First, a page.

Chatham
Chatham
NEW COVENANT M.B. CHURCH

Chatham continues to thrive; the neighborhood has served as a home base for numerous successful black-owned businesses.

Chatham has the "distinction of being the only neighborhood in Chicago that developed from a European American middle-class community into one composed of middle-class African Americans." The shift happened in the 1950s when these middle-class African Americans were drawn to the area because of the strict zoning codes and property standards, high levels of community organization, and good schools. African American residency of Chatham was less than 1 percent in 1950, but by 1960 it jumped to over 63 percent.

The racial transition, while rapid, was smooth compared to other parts of the city undergoing the same type of demographic change. For example, "several area churches welcomed blacks into their congregations, and the Chatham–Avalon Park Community Council began to include African American residents in their organization" in 1955. When the changeover was completed, African American residents worked "diligently to maintain the middle-class character of their community."

Location

Chatham is located on the city's South Side. It includes the neighborhoods of Chatham, East Chatham, West Chatham and the northern portion of West Chesterfield.

Housing many city employees and other officials, Chatham has been a central area for Chicago's middle-class African Americans since the late 1950s.
Chatham continues to thrive, and the neighborhood has served as a home base for numerous successful black-owned businesses, including the Johnson Products Company (Ultra Sheen Hair Products), the Independence Bank of Chicago, Seaway National Bank of Chicago, and a branch of the Illinois Service Federal Savings and Loan Association. Independence Bank of Chicago was one of the nation's largest black-owned banks until 1995, when it was acquired by another corporation.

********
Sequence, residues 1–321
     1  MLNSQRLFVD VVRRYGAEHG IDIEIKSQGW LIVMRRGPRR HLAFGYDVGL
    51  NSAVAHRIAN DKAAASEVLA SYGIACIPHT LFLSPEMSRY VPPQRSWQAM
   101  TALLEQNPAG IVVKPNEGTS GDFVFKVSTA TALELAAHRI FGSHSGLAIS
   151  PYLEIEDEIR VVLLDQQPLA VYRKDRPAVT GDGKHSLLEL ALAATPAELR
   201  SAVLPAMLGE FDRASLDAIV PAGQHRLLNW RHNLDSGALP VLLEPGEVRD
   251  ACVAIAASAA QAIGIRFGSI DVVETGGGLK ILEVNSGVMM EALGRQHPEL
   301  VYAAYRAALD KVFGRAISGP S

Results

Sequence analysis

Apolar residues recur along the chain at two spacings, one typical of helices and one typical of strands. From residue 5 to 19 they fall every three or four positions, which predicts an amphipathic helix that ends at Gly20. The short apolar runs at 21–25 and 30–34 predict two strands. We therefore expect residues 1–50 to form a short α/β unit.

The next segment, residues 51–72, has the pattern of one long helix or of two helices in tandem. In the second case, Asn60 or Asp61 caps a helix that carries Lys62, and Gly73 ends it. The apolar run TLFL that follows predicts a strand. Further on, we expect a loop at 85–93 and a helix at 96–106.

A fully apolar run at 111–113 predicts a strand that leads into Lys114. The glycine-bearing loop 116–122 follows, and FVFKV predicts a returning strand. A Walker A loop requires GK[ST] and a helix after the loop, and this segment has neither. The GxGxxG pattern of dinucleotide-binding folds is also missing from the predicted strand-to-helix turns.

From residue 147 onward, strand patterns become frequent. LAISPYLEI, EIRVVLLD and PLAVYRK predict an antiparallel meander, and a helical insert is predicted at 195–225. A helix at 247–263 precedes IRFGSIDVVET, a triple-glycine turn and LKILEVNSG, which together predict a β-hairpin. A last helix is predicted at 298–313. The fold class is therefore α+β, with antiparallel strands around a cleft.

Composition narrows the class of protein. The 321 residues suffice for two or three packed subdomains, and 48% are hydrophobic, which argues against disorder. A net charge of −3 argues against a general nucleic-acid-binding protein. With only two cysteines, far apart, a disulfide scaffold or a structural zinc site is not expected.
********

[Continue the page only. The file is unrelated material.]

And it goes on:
Chatham

Housing many city employees and other officials, Chatham has been a central area for Chicago's middle-class African Americans since the late 1950s. Its residents are predominantly African American, and it is home to former Senator Roland Burris.

Chatham Market

SCHOOLS
In October, 2018, NEIGHBORHOODS.COM listed Chatham One of 4 Chicago Neighborhoods With Some of the City's Best Schools

The quality of school districts is one of the most important factors homebuyers between the ages of 37 and 51 consider when making a decision, according to the National Association of Realtors. If you’re moving to Chicago and on the hunt for a home near quality schools, you’re in luck. The Chicago Public School (CPS) system is the third largest in the country, and it has made some impressive strides over the years. Right now, CPS has a graduation rate of 77.3 percent, and research has shown its students are learning faster than 96 percent of other U.S. school districts, according to U.S. News & World Report. So which neighborhoods offer easy access to some of those top-performing schools?

Chicago Bet Public Schools

… according to Neighborhoods.com data. The neighborhood has two schools that made Chicago Magazine’s 2018 list of the top elementary schools in the city. Arthur Dixon Elementary School is ranked No. 7 on the list. The school teaches pre-K through eighth grade students and has a total enrollment of 578 students, according to Chicago Magazine. Lenart Elementary Regional Gifted Center, ranked as No. 20 on the list, is located in West Chatham. This CPS, selective enrollment school teaches kids from pre-K to eighth grade as well. Lenart Elementary has a smaller enrollment with just 283 students. GreatSchools ranks Arthur Dixon Elementary School as a seven out of 10 and Lenart Elementary as 10 out of 10.

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